The Back of the Tapestry
She was going on and on without taking a breath. I was standing here, back against the wall listening to her talk on and on about her son’s scholarship, her husband’s advancement, their new home. After discretely looking at my watch a few times I start to unglue my mouth long enough to say, “well, I planted lettuce last week” but before I could get the first syllable out, she snapped open her handbag, grabbed her I phone, jabbed in some numbers and was gone!
Telling of successes may leave others feeling wilted, especially if things aren’t going too well for them. They look at that word picture of the success and arrange their facial features to say, “Nice.” But inside they may be thinking, ‘I can’t achieve that or see that happen in my life.’
Do we really want to do that to our friends? Each of us has a tapestry which on the front s may look lovely but turn over the canvas and it is another story. There the lines go every which way, the knots clutter and it’s a mess. But it is the mess that touches hearts. It is the story of painfully untangling the mess that gives hope. To show the front without the back is to leave people feeling flattened. To show the back without the front leaves people confused. But together they tell the story of God’s purposes.
True story about our son. ‘Our son graduated from a fabulous school, landed a terrific job, married an adoring wife and is quickly moving up.’ That is the front of the tapestry. My guess is that nothing warm began to pervade your being as you read that. I understand. There was one year I wanted to put my name on ANYBODY’S Christmas letter but mine. That’s how bad life was. But I didn’t see the back of their tapestries, only the front.
May I show you the back of the tapestry. Our son Nathan was born when our family was unquestionably on the on poverty level found in the USA charts. I chose not to work and Neil was having a hard time keeping employment. We had two daughters and the younger was just getting ready to enter kindergarten which meant I could back to work and bring steady finances into the household. But Amy, the older one, started praying DAILY for a year for a bald baby brother with blue eyes and God honored it. I was ashamed to be pregnant and so poor. Some ladies wanted to give me a shower and asked what I needed. How could I say ‘everything?’ We had given away all baby things and all I had was one t-shirt. Baby Nathan was an absolute joy! I stayed home five more years because I didn’t want day care for him.
I heard Pastor Rose Lamb talk about ‘train up a child the way he should go’ in a way I hadn’t heard. She said ‘look for talents in your children and develop them.’ She was great with that and went every extra mile with her own three. So I started watching Nathan. When he was in high school I saw something. He finally became interested in a school subject. He loved his history class which not only showcased the past but how history relates to the global situations now. So I said to Nathan—(declaration #1): “You are going to be an international journalist.”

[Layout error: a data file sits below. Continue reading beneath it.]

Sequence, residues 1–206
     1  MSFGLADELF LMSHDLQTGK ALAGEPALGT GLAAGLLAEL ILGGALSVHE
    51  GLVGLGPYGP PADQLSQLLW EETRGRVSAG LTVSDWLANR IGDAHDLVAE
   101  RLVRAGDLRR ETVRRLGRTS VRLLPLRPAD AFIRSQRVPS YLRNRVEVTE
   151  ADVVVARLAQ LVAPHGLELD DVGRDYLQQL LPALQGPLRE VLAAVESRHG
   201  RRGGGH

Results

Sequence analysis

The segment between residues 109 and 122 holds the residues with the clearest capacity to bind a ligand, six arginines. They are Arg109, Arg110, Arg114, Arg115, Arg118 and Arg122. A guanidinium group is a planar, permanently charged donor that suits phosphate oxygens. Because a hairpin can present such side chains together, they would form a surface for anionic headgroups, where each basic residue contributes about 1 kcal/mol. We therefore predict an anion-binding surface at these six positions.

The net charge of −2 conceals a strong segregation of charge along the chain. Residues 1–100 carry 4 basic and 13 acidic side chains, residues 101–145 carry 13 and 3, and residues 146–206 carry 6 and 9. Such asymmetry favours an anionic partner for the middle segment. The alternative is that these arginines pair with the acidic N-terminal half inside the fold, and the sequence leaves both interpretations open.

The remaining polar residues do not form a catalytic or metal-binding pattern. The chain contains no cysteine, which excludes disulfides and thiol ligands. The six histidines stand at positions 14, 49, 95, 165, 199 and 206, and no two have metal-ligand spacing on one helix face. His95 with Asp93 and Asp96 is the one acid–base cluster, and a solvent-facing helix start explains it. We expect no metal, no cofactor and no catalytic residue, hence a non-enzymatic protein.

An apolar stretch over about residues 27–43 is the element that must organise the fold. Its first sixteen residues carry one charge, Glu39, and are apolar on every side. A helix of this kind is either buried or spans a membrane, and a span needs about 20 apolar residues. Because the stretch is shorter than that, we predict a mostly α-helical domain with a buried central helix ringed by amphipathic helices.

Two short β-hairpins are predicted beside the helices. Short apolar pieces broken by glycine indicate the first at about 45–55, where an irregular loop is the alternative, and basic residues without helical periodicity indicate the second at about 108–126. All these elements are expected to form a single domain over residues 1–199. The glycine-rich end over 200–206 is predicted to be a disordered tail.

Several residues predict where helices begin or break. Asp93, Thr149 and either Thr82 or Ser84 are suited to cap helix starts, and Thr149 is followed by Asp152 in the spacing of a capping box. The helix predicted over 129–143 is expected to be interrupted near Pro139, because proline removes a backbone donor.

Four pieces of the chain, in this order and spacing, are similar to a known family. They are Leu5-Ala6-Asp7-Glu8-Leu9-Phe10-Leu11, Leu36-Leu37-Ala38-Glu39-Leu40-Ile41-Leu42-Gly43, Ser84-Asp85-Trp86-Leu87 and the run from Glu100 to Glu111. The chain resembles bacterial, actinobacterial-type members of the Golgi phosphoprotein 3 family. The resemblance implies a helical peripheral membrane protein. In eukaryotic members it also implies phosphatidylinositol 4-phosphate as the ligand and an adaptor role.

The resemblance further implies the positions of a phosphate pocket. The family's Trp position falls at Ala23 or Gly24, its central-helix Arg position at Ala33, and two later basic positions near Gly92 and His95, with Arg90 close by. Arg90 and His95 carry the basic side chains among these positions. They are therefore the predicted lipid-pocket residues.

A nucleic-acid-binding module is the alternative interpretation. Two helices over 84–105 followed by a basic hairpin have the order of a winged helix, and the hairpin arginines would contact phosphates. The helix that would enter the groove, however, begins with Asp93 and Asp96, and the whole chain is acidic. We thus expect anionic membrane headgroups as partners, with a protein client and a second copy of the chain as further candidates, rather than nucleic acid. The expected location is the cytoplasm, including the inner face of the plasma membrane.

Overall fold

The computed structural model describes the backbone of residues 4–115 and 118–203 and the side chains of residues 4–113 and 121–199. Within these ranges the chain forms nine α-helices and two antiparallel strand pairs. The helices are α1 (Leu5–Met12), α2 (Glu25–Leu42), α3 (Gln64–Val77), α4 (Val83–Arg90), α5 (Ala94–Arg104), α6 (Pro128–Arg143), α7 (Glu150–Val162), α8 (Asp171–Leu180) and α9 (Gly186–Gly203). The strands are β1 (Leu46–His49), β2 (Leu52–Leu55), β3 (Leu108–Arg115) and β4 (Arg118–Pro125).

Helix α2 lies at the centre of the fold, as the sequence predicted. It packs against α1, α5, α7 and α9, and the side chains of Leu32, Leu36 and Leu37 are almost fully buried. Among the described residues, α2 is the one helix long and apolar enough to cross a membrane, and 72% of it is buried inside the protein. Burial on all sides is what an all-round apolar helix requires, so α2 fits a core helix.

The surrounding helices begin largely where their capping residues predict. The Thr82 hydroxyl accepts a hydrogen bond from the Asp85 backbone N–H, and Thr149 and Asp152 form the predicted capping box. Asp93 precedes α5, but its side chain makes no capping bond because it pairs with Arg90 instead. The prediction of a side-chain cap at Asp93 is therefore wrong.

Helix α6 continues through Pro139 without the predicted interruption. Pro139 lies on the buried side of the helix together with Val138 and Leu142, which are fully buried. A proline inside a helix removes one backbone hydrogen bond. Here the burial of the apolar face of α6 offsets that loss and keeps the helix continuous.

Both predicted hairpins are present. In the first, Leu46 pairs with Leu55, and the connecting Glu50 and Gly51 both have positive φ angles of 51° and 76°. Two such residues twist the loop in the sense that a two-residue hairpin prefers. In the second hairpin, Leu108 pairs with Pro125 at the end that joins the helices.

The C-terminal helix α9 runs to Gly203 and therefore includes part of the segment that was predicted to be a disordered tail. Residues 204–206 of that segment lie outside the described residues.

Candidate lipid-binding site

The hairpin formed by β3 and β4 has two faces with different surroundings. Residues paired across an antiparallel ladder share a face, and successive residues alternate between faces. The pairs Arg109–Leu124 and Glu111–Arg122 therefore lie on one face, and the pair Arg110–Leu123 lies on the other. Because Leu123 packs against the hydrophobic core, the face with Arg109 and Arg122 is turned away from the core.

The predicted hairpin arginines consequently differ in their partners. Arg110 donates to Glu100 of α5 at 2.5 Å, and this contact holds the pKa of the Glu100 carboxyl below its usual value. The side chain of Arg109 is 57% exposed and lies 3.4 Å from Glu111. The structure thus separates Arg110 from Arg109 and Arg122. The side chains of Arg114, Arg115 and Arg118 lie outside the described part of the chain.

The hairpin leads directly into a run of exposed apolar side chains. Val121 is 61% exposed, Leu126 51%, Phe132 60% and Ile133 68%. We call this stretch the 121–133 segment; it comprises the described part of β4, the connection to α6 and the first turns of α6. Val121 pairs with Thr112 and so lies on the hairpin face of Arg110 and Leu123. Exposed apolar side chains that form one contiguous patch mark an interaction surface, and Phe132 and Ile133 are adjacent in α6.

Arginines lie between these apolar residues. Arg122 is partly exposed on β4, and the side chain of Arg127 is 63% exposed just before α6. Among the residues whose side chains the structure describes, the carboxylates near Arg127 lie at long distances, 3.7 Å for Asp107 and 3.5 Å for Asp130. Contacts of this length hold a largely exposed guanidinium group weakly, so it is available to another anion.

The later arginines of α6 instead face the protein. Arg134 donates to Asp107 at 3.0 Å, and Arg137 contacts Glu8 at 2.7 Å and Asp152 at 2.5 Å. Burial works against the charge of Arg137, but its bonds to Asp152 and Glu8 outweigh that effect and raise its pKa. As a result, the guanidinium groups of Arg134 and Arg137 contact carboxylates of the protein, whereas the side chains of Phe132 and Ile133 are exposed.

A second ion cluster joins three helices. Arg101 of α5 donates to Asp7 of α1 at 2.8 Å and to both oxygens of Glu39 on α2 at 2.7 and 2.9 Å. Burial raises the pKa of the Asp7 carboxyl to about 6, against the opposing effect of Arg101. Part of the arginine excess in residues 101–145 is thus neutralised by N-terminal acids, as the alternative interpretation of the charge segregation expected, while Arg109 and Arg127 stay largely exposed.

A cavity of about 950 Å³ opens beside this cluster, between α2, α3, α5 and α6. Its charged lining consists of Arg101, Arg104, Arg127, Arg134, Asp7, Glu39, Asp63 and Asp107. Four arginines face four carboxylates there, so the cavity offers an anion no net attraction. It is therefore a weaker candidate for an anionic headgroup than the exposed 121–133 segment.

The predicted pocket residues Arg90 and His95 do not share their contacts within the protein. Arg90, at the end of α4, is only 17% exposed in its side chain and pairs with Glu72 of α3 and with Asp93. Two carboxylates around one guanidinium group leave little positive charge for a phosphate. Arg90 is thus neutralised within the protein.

Now, Nathan didn’t like to write and didn’t have a camera. To my knowledge he had never taken a photo. When he was a sophomore in high school I took him with a team I had formed to travel to Sweden, Cyprus, and Israel. A woman in our group, Judy Wilcox, gave Nate her camera to use, and as she looked at his digital photos she said, ‘Nate, you have a real eye.’ (declaration#2).
Nathan went to the community college and because of his interest in the subject matter he became a favorite. After the two years were over he had a career goal: to be a journalist. And a plan: to attend University of Missouri in Columbia. Problem. His lack of interest in his education from 5th grade until his senior year did not give him much of a chance. Mizzou (as it’s called in Missouri) is the number two, if not number one journalism school in the world and to say that it is competitive is an understatement. So Nate’s confidence was rock bottom. He applied even though chances ofhis acceptance looked slim. And even if he got in, MIzzou was HUGE.
“Mom! There are hundreds of kids in those classes. I’m going to be lost if I get in!”
“Nathan! Shine! You go into those classes and just SHINE! Let the professors see your enthusiasm. Nathan! You are a shining star!” (declaration #3)
Nathan was strongly advised to go into Convergent Journalism rather than general journalism because that was journalism of the future in that every form of communication converges into one piece. The problem was that there were only twelve places and his scores were not sterling. However within a year of being at Mizzou he was such a shining star that he was put into the class as the 13th.
Then, a job. Who in the world gets a job as a journalist? But his recommendations were so SHINING that he was given a position at a prestigious journalism firm before he even graduated. The rest is a flip to the front of the tapestry. YOU’RE GOING TO! YOU HAVE A! YOU SHINE!
Mothers, take a look at your children, not with the critical eye as in, ‘You are going to make me look like a lousy parent with that green hair and piercings all over your body!’ but with the eye of, ‘Lord, let me see this child’s talents that You have put there.’ Start declaring, never mind the messes and setbacks because one day you will FLIP over that over side of the tapestry.
That is my story, mamas. Now let me hear yours!
Cheryl Samelson Skid
Author Taking God’s Word to Heart, Never Out Of His Sight and coming Clear Vision
Founding Director of Women with a Vision, not for profit corporation since 1985
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